Orienting Students on the First Day of Class
Familiarize students with the technology
Taking some steps to make students comfortable with the technology can help to minimize the sense of distance and make students more comfortable participating in class.
- During the first class session, give students a few minutes to become familiar with the remote control. Have each student adjust the camera to show other students in the room, and zoom between views of single students and the entire group. (A staff person, either at your site or at another site on the system, can help with this.)
- Ask students to zoom the camera to a closer view and introduce themselves one at a time.
- Make it a point to have students at all sites be seen on camera by others. This helps to reinforce the fact that there are others “out there,” and doing this frequently can help to allay some of your students’ anxiety about being on camera.
- Ask students to practice muting and unmuting the microphone in their room.
- Ask students to adjust the volume in their room.
- If you plan to have students use the document or ceiling-mounted camera or a computer, ask them to practice, one site at a time.
- You might want to have students designate a classmate at each site who will have primary responsibility for the technology.
Establish protocols for participation
When raising their hands is not an option, how will distance students signal their desire to ask questions or participate in the discussion?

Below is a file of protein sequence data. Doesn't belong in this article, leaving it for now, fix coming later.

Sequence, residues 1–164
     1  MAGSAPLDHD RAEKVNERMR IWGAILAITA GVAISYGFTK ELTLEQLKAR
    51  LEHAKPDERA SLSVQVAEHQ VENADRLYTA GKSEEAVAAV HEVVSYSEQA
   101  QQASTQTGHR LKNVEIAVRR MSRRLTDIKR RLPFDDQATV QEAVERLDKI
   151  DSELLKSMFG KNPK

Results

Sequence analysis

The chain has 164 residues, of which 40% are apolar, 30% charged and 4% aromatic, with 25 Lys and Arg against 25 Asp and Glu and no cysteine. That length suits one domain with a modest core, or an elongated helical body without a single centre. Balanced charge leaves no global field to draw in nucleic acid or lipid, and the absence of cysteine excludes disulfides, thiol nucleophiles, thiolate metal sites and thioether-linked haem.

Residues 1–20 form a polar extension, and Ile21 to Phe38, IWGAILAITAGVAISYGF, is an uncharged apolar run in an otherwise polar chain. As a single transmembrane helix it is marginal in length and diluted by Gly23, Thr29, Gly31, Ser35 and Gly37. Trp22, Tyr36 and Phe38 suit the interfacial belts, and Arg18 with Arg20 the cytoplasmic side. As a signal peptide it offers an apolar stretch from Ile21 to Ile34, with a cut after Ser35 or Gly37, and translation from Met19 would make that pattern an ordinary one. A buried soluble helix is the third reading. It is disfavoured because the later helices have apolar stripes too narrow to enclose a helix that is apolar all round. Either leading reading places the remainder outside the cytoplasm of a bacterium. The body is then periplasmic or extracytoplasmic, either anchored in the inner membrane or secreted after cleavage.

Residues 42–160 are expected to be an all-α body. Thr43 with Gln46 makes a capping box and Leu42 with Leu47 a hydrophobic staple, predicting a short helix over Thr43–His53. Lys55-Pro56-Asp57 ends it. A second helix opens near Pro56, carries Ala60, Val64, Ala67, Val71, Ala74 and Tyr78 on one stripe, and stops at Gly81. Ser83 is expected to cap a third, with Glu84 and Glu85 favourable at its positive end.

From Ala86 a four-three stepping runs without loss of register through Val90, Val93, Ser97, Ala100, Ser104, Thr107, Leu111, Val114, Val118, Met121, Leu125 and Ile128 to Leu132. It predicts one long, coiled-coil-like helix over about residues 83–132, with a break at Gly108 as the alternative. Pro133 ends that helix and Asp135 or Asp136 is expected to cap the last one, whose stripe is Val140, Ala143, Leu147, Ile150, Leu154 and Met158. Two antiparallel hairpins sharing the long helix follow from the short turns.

- Allowing students to just speak out will result in disruptive switching between the view of your site and the view of the student’s site as the system attempts to decide whose audio it should follow.
- At a minimum, be sure to pause from time to time to give students the opportunity to join in. Ask students to wait for these opportunities rather than just “jumping in.”
- A slight delay between the audio and the video means that students will be heard before they will be seen.
- When the system finally does switch to their site, the video from your site will be interrupted. Asking students to preface their remarks with a very brief introduction (for example, “Hi, Jodi here. I have a question.”) allows the system enough time to switch to them before they get to the substance of what they want to say, letting participants better focus on what the students are saying without the distraction of the video switching during the question or comment. The simple introduction also minimizes the “surprise” element and gets participants more prepared to listen.
- You might also build in regular, more extended times of a few minutes and invite comments and questions.
- Encourage students not to place unnecessary materials on the table or to shuffle papers, tap their pens, etc.
- If you plan to lecture for a while, ask students to mute their microphones. When distance students chat among themselves – even to share their thoughts on what you are saying – they can switch the system away from your site.